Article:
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Natchez Trace

Definition

Jan van der Crabben
by Chickasaw.tv
published on 30 May 2014
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Sunken Natchez Trace (by Jimmy Emerson, DVM, CC BY-NC-SA)
Sunken Natchez Trace
Jimmy Emerson, DVM (CC BY-NC-SA)

The Natchez Trace was a path carved out by Native Americans that links Natchez, Mississippi, with Nashville, Tennessee. The path itself went through several different American Indian territories, including Chickasaw territory.

Originally, animals like the bison carved the Trace out in search of salt licks. Native Americans would go deeper into the wild and make the Trace what it is today.

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American Indians were not the only ones to use the path. It was used by European explorers, and it is speculated that the early explorers had help from the Native Americans, using them as guides on the path. Andrew Jackson led his troops along the trail to the Battle of New Orleans.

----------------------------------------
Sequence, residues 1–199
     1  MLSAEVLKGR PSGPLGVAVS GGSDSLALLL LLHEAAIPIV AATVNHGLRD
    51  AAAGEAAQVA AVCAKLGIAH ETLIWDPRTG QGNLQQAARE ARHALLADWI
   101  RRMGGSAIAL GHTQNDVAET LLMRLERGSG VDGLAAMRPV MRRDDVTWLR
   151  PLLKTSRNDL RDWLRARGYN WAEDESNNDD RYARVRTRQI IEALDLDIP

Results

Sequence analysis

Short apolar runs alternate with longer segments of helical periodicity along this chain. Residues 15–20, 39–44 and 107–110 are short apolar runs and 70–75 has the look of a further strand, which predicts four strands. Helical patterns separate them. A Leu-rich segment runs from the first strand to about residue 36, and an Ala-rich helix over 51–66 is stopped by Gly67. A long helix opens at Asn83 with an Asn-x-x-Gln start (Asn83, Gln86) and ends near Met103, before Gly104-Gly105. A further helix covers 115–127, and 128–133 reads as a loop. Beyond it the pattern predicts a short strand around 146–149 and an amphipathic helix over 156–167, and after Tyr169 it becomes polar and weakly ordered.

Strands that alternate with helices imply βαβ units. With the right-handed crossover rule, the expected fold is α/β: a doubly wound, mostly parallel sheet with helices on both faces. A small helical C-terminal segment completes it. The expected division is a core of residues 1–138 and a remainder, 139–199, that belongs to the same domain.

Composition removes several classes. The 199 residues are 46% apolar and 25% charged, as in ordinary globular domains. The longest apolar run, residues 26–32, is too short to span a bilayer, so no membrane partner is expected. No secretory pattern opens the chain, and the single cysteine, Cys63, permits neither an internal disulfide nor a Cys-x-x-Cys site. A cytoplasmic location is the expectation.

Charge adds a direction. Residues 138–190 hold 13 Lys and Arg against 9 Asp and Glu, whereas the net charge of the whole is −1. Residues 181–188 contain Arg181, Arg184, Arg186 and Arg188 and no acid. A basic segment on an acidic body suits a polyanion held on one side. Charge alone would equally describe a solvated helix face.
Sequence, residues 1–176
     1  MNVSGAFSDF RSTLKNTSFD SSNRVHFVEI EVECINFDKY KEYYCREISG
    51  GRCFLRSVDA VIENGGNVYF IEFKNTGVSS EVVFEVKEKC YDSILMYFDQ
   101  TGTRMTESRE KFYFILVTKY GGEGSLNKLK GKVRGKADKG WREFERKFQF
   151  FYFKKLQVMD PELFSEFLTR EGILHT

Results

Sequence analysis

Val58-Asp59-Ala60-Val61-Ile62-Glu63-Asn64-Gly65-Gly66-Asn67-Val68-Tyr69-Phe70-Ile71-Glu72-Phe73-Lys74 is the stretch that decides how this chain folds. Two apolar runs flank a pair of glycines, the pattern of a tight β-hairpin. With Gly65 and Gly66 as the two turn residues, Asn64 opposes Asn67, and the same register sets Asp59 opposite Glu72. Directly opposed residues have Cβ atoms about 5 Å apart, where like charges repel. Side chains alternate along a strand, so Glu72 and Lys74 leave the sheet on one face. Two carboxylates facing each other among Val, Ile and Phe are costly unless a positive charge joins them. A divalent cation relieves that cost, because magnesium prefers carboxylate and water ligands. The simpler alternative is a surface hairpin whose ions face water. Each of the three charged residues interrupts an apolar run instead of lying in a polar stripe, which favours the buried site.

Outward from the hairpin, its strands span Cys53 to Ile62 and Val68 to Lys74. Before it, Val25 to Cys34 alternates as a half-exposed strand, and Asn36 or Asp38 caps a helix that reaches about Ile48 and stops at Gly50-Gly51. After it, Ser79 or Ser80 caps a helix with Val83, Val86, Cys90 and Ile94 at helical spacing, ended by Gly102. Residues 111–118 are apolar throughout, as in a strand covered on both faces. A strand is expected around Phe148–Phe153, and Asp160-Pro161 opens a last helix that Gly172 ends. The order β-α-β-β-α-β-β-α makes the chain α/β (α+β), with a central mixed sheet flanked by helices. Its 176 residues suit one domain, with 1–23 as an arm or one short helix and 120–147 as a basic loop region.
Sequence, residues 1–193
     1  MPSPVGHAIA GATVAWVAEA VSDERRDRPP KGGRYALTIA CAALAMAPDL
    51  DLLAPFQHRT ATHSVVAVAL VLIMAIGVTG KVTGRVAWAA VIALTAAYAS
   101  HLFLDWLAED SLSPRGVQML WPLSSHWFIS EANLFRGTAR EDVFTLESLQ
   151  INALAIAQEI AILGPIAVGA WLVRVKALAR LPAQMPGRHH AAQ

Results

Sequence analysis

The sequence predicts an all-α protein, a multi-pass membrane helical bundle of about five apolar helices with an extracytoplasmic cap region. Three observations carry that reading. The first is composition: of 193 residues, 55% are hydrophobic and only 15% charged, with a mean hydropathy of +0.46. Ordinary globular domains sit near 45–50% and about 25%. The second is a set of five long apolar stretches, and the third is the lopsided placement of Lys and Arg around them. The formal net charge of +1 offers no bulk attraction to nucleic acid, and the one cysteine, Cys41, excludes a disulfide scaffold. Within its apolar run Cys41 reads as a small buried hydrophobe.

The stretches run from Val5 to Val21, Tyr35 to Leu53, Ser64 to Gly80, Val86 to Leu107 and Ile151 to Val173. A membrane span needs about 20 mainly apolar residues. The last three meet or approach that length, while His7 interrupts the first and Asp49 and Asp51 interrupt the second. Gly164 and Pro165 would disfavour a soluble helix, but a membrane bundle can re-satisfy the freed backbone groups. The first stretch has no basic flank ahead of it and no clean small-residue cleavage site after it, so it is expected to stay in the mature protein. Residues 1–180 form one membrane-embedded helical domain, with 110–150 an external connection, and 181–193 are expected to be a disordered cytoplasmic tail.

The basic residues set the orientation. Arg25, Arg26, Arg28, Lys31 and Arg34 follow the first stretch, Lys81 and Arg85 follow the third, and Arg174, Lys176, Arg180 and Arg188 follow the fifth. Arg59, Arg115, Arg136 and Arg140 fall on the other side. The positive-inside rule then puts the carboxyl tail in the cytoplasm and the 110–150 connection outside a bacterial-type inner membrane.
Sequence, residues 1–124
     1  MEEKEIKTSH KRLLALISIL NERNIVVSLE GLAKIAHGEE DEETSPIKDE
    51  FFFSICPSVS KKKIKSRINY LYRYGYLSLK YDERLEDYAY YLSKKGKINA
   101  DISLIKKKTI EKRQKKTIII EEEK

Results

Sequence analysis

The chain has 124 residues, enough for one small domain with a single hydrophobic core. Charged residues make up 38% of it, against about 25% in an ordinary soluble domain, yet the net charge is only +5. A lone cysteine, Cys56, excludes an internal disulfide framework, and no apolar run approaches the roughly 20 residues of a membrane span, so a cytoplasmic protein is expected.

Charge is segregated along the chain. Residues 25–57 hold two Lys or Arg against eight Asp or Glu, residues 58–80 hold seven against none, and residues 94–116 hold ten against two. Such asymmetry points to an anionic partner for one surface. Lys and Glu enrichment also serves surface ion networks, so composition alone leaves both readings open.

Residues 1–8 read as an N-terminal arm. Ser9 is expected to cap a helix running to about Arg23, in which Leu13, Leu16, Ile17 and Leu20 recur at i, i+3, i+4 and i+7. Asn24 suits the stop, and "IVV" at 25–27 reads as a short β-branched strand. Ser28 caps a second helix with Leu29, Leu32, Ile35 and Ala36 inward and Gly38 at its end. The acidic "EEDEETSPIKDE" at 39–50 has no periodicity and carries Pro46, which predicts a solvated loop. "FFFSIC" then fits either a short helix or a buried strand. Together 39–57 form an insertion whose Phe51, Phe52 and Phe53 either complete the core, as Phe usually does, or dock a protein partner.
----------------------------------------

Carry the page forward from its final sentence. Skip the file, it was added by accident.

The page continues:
As time wore on, boats traveled up the Mississippi River, and the Trace was no longer needed as a route. Eventually, plant growth overcame the lost path and it became wild again. But the Daughters of the American Revolution had a different plan. They reclaimed the route, and in the 1930s, as part of Franklin Roosevelt’s New Deal, workers started paving projects on the Trace. The last 12 miles were finished in 2005. 

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Editorial Review This article has been reviewed for accuracy, reliability and adherence to academic standards prior to publication.
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Cite This Work

APA Style

Chickasaw.tv, . (2014, May 30). Natchez Trace. World History Encyclopedia. Retrieved from https://www.worldhistory.org/Natchez_Trace/

Chicago Style

Chickasaw.tv, . "Natchez Trace." World History Encyclopedia. Last modified May 30, 2014. https://www.worldhistory.org/Natchez_Trace/.

MLA Style

Chickasaw.tv, . "Natchez Trace." World History Encyclopedia. World History Encyclopedia, 30 May 2014. Web. 13 Apr 2021.

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